The lead attorney for Crane Co., James Lowery, of K&L Gates in Dallas, referred comment to his supervisor, Terry Budd, a K&L Gates partner in Pittsburgh, who manages all of the firm’s asbestos cases.
Budd said the jury’s verdict is "excessive" and contrary to established New York appellate law. He said a previous verdict in upstate New York was overturned because the court ruled that a manufacturer that uses asbestos in its products cannot be found liable for asbestos made by another company.
"The plaintiffs admitted they had no evidence that any of the products came from Crane Co.," said Budd. "It was insulation that they contended caused the injury."
Budd said Crane Co. will appeal the jury’s verdict.
A centerpiece of the trial was video of a four-day deposition during which Crane’s attorneys questioned Peraica. During the deposition, Peraica detailed all of the products he worked with in his job.
Also testifying for the plaintiffs was a historian who stated that companies knew as early as the 1930s how harmful asbestos was. The plaintiff’s lawyers cross-examined a Crane Co. executive who acknowledged that the company knew asbestos exposure could cause illness back in the 1930s but failed to provide warnings to the public.
The lawsuit was initially consolidated with six other asbestos cases before New York Supreme Court Judge Martin Shulman. Kraft said consolidation is a mechanism used in New York’s trial courts to get the sickest plaintiffs into the courtroom sooner. He said the approach can be efficient when multiple cases involve the same expert witnesses and defendants. But the jury must decide each case separately.
Attorney Christopher Meisenkothen, of Early, Lucarelli, Sweeney & Meisenkothen in New Haven, which specializes in asbestos cases, said Connecticut generally does not consolidate cases. "My firm has tried to consolidate cases on a few occasions and every time our judges have found the facts of the cases to be too disparate to warrant consolidation for trial," said Meisenkothen.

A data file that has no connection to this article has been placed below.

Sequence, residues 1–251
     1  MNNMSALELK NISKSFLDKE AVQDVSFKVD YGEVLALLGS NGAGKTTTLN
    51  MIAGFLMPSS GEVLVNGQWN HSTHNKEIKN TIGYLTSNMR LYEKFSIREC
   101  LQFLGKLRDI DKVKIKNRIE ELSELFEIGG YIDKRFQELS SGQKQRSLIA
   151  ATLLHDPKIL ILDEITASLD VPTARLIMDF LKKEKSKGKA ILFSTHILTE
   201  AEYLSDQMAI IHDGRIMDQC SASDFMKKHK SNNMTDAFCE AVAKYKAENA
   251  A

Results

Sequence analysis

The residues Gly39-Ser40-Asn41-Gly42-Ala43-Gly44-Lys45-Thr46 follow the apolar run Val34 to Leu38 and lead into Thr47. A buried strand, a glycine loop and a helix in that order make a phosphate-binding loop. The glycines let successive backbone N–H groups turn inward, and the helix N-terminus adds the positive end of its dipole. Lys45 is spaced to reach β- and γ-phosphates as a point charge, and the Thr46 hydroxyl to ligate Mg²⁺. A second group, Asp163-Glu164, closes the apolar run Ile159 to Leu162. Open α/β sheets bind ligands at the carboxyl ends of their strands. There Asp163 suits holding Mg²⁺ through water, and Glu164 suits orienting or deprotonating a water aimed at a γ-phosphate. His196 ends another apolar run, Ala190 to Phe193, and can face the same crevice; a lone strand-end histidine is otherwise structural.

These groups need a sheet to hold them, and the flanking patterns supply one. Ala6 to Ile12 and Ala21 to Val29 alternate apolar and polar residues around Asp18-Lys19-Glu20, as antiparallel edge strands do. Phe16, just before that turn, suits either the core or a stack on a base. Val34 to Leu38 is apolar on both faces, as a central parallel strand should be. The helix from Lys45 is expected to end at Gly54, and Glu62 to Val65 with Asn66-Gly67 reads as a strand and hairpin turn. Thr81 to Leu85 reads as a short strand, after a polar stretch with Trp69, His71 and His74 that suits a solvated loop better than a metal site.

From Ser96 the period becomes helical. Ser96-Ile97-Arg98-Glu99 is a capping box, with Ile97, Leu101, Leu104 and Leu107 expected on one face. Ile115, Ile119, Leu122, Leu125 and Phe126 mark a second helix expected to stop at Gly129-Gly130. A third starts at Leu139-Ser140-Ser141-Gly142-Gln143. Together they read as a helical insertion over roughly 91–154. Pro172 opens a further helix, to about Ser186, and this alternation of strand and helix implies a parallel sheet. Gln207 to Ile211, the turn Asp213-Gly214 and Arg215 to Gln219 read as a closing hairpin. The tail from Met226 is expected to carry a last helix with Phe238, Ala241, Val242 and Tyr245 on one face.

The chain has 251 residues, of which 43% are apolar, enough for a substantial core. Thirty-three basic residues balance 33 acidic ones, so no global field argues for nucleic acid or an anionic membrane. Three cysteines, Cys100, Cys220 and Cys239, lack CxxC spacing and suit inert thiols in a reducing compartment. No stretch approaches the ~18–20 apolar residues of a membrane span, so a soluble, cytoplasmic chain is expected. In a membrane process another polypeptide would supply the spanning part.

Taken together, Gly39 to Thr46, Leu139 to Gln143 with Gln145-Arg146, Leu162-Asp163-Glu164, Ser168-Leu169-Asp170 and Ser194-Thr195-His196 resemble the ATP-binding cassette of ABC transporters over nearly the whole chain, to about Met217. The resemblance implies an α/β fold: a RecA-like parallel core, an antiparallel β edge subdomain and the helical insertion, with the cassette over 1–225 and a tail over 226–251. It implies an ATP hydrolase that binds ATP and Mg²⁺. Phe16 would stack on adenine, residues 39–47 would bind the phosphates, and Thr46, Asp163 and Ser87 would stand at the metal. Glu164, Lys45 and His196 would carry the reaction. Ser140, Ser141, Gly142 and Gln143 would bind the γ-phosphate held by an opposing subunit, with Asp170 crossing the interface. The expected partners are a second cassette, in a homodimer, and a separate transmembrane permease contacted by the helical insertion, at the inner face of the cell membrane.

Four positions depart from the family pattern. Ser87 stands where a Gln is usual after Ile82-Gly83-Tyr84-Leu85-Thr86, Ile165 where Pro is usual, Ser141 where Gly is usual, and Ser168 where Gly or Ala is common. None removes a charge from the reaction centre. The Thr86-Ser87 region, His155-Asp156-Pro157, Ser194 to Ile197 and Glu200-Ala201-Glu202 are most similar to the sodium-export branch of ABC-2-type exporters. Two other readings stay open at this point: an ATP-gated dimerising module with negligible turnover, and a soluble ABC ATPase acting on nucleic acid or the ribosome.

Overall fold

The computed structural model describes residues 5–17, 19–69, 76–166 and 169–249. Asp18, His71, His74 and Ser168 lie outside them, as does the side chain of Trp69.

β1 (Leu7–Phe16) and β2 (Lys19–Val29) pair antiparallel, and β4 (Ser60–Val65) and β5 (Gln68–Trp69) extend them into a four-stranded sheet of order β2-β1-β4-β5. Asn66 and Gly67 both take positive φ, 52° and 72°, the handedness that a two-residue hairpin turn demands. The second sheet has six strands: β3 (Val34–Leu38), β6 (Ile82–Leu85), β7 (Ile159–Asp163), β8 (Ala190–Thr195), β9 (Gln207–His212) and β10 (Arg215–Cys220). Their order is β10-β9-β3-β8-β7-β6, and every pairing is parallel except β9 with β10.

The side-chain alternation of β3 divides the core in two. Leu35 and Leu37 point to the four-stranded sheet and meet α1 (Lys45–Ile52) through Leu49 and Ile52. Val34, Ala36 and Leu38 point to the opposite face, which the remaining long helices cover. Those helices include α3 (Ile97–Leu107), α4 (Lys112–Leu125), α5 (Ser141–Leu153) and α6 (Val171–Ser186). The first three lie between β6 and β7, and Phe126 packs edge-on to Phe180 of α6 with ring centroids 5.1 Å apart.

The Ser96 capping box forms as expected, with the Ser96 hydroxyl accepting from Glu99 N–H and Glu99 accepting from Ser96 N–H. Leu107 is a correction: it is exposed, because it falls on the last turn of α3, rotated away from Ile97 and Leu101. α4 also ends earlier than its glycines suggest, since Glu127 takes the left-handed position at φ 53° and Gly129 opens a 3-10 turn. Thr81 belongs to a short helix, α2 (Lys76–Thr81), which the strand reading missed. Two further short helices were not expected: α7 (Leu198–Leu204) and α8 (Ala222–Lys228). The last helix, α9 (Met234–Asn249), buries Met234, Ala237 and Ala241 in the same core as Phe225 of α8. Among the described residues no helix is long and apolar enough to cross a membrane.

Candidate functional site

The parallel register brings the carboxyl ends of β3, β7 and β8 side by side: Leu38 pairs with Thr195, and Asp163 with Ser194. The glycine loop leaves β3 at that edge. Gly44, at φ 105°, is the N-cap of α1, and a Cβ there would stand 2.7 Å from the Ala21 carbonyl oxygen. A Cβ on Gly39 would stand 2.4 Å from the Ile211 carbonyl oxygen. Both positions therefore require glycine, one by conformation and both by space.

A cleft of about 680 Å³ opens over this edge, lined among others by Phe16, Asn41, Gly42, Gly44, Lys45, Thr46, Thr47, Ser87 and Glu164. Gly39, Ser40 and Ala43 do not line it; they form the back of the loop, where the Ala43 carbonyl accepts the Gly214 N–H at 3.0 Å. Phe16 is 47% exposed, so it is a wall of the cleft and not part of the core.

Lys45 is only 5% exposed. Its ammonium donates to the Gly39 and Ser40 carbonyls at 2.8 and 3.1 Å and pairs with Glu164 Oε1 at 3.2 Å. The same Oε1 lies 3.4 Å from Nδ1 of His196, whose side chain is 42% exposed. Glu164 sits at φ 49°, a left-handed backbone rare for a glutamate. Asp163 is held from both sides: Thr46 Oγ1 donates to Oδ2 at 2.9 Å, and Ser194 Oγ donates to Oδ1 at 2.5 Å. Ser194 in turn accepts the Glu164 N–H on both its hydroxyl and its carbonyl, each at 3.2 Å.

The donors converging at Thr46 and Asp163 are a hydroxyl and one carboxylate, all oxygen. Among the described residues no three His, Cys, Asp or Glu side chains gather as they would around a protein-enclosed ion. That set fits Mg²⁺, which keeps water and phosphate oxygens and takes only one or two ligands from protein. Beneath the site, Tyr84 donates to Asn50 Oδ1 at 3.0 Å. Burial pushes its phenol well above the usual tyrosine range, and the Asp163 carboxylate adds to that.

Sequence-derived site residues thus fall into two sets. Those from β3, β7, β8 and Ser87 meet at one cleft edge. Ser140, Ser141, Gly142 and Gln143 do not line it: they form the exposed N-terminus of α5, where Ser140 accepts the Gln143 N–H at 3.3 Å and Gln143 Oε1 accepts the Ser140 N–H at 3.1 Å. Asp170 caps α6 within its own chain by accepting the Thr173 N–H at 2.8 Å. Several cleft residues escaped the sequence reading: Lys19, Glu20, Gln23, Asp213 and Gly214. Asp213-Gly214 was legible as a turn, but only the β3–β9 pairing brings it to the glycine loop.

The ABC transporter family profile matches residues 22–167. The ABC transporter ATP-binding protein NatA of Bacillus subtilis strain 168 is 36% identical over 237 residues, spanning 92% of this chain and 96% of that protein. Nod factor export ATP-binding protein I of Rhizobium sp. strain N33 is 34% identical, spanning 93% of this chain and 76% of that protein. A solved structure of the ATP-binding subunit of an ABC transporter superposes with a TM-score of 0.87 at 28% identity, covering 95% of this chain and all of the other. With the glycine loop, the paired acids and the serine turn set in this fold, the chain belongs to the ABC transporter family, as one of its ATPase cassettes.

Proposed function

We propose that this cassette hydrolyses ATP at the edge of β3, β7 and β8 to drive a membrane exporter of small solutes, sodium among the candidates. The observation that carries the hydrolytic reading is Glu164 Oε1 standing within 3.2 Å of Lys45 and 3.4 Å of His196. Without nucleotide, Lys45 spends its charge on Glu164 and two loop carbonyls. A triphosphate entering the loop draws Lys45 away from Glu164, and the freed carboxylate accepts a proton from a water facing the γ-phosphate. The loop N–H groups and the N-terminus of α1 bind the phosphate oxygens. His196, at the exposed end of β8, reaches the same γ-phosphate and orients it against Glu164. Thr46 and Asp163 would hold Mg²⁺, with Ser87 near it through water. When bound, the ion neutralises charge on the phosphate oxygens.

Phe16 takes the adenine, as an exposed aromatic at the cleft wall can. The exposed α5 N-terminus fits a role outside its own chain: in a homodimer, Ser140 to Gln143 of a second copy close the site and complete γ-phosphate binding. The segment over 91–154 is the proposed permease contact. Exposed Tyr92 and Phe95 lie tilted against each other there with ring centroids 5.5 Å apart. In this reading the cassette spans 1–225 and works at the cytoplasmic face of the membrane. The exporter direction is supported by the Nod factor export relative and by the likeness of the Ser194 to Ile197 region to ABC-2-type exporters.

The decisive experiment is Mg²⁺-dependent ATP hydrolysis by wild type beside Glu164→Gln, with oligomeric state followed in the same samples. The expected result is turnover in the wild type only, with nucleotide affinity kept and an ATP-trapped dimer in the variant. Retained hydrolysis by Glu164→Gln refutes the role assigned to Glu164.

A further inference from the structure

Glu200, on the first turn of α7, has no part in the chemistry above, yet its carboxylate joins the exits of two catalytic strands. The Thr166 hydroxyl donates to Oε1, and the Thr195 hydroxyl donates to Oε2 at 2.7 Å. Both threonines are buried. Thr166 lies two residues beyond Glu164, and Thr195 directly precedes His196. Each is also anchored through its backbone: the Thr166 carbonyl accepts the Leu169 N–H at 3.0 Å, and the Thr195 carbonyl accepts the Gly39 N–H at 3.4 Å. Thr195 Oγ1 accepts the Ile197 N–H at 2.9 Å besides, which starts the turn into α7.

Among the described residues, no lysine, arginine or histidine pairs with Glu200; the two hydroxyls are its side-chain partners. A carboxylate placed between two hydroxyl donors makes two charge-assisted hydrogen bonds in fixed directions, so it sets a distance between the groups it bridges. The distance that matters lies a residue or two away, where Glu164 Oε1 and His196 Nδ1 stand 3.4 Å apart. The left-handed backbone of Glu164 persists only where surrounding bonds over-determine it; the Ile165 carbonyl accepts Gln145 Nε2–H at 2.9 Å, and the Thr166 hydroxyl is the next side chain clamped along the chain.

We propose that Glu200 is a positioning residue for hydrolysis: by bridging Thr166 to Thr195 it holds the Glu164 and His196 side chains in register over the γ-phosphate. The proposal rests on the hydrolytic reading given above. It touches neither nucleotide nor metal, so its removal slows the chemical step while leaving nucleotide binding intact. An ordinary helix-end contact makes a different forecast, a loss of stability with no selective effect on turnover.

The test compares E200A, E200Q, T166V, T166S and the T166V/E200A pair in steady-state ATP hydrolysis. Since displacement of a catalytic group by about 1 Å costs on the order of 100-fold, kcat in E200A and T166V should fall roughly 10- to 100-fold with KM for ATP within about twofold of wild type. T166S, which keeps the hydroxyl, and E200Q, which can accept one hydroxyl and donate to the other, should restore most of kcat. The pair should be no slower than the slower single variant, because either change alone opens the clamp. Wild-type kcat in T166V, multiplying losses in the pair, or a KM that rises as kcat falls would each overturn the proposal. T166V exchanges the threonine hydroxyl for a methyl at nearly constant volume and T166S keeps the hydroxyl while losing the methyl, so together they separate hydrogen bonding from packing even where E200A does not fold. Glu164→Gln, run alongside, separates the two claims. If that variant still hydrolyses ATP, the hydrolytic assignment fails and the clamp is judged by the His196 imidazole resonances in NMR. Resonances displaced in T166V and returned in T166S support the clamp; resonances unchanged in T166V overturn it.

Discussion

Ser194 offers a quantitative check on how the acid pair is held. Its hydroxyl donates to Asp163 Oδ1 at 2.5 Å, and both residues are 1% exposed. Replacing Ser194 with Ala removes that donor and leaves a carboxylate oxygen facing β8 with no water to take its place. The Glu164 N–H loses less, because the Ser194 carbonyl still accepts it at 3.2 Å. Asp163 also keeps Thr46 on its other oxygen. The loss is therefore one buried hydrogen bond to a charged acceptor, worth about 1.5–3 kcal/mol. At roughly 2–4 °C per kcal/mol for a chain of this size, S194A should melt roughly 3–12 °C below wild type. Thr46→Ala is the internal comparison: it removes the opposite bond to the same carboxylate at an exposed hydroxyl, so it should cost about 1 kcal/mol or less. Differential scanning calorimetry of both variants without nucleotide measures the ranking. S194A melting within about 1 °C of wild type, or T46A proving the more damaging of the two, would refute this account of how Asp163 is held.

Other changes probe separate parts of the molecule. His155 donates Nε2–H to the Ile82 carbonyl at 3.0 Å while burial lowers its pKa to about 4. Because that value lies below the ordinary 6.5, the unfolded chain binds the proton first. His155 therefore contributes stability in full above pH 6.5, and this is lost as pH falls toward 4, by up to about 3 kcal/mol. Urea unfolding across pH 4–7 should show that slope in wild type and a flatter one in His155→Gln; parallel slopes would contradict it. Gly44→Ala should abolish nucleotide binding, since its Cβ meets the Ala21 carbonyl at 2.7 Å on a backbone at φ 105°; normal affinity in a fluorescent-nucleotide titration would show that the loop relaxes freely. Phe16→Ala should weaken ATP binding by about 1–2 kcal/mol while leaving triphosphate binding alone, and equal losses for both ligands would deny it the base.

Kraft said six of the cases settled after testimony began, leaving the jury to decide only Peraica’s claim. The trial began Dec. 11, 2012, took a couple weeks off for the holidays, resumed in early January and continued until early March. The jury deliberated roughly a day and a half before awarding $35 million in damages.
"We are very, very pleased with the result," said Kraft, who tried the case with Jerry Kristal and Adam Cooper, also of Weitz & Luxenberg. "But our excitement is tempered knowing this family would’ve foregone this jury trial to have their father back."
Meisenkothen, whose firm also has a New York office, said the large New York verdict may not have a large influence on Connecticut asbestos cases.
"This result is and isn’t significant for the asbestos cases that my firm handles," said Meisenkothen. "It’s significant because it shows that juries can and do award large verdicts for deserving mesothelioma plaintiffs if the facts of the case justify it. It isn’t significant because every case is different and every jurisdiction has slightly different rules and laws that apply."
Meisenkothen noted that Connecticut’s products liability law differs from New York’s. One key difference is how juries can allocate various percentages of blame to different defendants. "New York has a history of large verdicts like this in asbestos cases, which is good for victims of asbestos-related diseases, but it’s very hard to compare across jurisdictions," noted Meisenkothen.•